It is unclear whether Huntress understood the term "assurance" or whether the Douglasses specifically uttered the words that she would have a place to stay for the remainder of her life. In any case, the excerpted testimony above does not require a finding that the evidence is factually insufficient to establish a meeting of the minds because it was demonstrated that Huntress made the offer in which she uttered the requirement that they would have to provide her with a place to live for the remainder of her life. Following the excerpted testimony, Huntress clarified several times that the Douglasses had promised that she could live with them for the rest of her life in exchange for her financial contribution. Specifically, Huntress told the Douglasses that she "would put down the money that [she] put down on it so that [she] could live there the rest of [her] life with them," and testified that the Douglasses "agreed definitely." When asked, "Did your son and daughter-in-law assure you that if you made a financial contribution that they would, in fact, provide you a place to live out the remainder of your days," Huntress testified, "Yes, they did."
The Douglasses argue that, even if the evidence is sufficient to demonstrate an offer and acceptance, the evidence is factually insufficient to establish a meeting of the minds because "Huntress understood one thing, but Eric understood another." The term "meeting of the minds" refers to the "parties' mutual understanding and assent to the expression of their agreement." Weynand v. Weynand, 990 S.W.2d 843, 846 (Tex. App.—Dallas 1999, pet. denied). "The parties must agree to the same thing, in the same sense, at the same time." Celmer v. McGarry, 412 S.W.3d 691, 700 (Tex. App.—Dallas 2013, pet. denied). The Douglasses argument fails to take into account that the trial court found their testimony incredible. Thus, the trial court was free to conclude that the Douglasses agreed to Huntress' term that they provide her with a place to live for the remainder of her life.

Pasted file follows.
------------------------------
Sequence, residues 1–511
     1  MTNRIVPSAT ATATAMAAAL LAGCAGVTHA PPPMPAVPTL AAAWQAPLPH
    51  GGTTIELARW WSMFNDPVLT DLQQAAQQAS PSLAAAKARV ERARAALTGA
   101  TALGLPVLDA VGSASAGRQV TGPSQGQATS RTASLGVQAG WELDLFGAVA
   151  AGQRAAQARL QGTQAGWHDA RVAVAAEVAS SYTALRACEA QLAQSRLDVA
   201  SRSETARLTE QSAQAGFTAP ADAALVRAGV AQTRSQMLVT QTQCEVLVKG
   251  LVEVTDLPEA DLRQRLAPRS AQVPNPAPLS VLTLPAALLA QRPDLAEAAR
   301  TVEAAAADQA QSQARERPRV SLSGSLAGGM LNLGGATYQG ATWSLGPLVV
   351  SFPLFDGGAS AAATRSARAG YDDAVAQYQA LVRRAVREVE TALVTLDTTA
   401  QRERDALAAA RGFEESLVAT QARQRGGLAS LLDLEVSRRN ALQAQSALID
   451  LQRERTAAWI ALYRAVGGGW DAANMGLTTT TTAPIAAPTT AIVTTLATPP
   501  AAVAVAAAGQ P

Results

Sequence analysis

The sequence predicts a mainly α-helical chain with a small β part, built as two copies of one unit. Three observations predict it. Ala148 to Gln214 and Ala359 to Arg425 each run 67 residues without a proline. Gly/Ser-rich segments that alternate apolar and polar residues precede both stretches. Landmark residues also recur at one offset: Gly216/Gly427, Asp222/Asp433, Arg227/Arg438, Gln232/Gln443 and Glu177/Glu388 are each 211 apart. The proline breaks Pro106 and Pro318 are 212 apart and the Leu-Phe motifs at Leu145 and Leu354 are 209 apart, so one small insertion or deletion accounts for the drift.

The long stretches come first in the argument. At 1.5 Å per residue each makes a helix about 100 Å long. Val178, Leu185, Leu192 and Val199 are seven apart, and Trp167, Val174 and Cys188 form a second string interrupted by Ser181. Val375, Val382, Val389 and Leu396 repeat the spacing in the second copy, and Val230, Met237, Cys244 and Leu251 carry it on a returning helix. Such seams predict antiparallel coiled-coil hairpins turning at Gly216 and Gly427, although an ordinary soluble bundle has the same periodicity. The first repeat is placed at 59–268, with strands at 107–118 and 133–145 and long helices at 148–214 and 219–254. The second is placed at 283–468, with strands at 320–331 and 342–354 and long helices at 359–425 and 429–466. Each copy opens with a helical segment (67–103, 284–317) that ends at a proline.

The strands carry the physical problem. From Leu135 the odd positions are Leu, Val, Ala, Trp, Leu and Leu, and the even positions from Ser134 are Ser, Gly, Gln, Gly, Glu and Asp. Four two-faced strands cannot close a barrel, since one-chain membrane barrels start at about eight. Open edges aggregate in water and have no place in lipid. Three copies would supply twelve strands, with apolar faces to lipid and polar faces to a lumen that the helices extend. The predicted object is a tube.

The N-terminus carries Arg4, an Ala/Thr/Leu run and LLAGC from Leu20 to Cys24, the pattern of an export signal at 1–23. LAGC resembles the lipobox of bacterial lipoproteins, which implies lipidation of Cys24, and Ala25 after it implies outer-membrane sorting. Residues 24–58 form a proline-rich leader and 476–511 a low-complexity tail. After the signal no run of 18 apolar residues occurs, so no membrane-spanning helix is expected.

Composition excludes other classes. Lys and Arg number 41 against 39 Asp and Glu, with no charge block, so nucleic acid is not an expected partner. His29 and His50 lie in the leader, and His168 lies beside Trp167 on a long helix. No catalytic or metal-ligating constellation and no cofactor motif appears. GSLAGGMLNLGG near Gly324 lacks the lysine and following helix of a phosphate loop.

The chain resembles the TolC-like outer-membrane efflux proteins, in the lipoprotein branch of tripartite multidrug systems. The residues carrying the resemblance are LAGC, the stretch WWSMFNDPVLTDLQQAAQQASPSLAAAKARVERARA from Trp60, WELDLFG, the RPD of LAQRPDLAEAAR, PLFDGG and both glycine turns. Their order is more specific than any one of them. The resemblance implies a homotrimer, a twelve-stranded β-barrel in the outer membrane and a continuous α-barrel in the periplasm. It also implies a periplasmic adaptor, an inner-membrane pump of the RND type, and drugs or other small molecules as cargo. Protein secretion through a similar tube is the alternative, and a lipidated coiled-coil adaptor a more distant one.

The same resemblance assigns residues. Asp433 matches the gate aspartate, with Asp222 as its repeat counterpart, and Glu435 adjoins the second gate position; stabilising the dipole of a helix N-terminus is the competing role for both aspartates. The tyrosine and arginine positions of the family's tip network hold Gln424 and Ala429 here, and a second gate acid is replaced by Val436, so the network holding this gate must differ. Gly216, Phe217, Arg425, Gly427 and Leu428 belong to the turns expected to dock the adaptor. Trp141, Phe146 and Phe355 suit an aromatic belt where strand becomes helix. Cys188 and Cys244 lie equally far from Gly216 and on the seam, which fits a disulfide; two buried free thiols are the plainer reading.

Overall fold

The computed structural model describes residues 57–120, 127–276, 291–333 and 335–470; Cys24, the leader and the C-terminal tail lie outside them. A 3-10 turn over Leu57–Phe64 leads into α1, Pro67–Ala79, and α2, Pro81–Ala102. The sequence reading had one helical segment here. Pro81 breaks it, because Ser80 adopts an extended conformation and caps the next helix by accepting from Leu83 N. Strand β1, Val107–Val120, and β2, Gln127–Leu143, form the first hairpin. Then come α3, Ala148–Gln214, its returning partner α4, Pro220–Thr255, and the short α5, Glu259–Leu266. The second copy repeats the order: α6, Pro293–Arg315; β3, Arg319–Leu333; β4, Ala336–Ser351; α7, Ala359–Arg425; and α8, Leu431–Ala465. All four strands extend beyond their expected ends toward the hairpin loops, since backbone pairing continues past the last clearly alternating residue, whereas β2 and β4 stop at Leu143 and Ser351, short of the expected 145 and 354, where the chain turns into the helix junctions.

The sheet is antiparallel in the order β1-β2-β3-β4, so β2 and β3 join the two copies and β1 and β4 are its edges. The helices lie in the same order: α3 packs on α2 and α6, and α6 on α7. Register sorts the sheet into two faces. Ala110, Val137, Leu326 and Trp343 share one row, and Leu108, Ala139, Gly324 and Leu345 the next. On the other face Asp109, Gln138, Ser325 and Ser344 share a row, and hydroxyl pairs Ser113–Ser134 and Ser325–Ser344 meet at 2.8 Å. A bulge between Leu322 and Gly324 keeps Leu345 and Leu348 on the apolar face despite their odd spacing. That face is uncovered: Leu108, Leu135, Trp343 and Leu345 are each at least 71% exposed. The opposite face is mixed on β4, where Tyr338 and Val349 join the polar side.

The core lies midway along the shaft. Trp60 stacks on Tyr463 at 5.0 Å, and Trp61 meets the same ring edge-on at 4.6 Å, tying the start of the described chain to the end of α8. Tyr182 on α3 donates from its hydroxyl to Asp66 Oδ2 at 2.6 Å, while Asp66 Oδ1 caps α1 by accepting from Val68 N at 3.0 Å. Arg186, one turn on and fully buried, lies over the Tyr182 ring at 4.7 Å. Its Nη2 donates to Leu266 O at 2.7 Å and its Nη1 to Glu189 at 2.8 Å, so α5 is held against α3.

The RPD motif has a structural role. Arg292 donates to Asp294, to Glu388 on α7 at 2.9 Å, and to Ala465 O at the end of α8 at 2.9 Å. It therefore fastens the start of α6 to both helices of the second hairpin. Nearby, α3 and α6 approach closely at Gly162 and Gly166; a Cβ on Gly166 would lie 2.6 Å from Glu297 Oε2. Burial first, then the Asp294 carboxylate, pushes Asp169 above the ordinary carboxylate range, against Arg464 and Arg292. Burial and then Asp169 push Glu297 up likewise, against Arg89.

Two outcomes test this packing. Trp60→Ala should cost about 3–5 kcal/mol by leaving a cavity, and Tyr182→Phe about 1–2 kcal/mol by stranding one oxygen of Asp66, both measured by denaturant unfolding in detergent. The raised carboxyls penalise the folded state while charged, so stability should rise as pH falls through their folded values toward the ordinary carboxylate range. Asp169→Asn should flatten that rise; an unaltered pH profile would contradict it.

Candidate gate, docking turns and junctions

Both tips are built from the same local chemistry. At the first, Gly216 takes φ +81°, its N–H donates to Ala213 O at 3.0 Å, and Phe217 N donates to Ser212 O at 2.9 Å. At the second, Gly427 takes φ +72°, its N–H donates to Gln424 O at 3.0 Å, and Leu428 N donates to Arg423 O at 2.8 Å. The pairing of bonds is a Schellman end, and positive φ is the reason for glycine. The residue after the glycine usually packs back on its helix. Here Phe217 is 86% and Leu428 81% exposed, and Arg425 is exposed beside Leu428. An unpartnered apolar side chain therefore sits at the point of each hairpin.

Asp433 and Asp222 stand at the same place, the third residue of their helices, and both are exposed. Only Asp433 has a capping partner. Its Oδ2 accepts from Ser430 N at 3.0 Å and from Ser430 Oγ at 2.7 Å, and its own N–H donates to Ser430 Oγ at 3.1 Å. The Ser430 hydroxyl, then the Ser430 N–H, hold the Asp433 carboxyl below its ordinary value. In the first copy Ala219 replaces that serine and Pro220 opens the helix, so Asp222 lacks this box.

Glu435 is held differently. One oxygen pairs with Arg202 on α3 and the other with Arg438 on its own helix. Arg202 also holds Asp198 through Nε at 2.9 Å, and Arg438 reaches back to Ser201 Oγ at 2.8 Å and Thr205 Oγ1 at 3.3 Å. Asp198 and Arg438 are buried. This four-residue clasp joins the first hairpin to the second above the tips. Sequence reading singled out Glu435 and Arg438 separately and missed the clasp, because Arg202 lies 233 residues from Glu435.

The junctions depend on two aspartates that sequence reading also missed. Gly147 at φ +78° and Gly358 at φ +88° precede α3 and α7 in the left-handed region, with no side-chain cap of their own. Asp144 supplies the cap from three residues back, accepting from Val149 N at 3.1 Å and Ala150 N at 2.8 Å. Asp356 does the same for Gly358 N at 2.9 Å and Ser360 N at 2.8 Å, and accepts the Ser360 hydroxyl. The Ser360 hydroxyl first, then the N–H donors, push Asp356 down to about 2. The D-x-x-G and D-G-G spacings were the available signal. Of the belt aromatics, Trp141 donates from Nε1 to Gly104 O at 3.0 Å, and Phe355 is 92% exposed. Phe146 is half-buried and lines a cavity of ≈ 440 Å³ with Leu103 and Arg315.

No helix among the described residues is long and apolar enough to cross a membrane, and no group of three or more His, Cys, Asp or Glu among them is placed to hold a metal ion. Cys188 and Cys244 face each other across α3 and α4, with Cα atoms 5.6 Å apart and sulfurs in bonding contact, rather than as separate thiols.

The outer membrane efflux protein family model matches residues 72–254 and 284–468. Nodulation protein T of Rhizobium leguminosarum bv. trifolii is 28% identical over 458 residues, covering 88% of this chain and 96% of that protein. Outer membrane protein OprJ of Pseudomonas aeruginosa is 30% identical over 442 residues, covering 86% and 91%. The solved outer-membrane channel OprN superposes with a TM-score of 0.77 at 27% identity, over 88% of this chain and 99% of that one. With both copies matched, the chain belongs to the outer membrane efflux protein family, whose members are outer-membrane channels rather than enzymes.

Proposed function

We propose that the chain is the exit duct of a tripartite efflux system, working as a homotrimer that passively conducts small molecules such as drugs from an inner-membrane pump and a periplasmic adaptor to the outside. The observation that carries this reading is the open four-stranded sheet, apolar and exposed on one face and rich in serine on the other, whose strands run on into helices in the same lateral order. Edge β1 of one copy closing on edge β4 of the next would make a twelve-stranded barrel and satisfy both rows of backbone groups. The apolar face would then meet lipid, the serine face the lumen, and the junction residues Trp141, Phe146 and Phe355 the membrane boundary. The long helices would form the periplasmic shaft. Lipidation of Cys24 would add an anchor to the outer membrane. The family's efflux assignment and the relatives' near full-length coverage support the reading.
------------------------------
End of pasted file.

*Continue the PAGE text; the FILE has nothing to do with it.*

"The existence of an oral contract may be proved by circumstantial evidence as well as by direct evidence." Martinez, No. 10-15-00410-CV, 2017 WL 3686850, at *6 (quoting Clower v. Brookman, 325 S.W.2d 440, 443 (Tex. Civ. App.—San Antonio 1959, no writ)). In reliance on the Douglasses' acceptance of her offer, which was contingent on the Douglasses providing her with a place to live for life, Huntress sold her home in Massachusetts, paid off Eric's credit card debt, and made the down payment on the Property, in addition to several mortgage payments. The Douglasses' actions and testimony also established a meeting of the minds and consent to the terms. They sold their home, agreed to purchase the Property, and helped to move Huntress into the Property with them. The Douglasses further testified that they understood they would all live on the Property as a family and that the purchase and improvement of the Property was facilitated by Huntress "so that all could enjoy it" together, including her.
Huntress' testimony that the Douglasses consented to the terms of her offer was further supported by evidence that they acknowledged an obligation to repay Huntress after breaching their agreement to allow her to live on the Property for life. Ruth wrote a note stating they had asked the realtor to clear enough money to pay Huntress back and, according to Huntress, Eric assured her that she would get her money back. At trial, the Douglasses conceded that Huntress was entitled to some repayment of the funds expended by her. "While a party's intent is determined at the time he acts, his intent may be inferred from his subsequent acts." Martinez, 2017 WL 3686850, at *6 (citing Spoljaric v. Percival Tours, Inc., 708 S.W.2d 432, 434 (Tex. 1986)).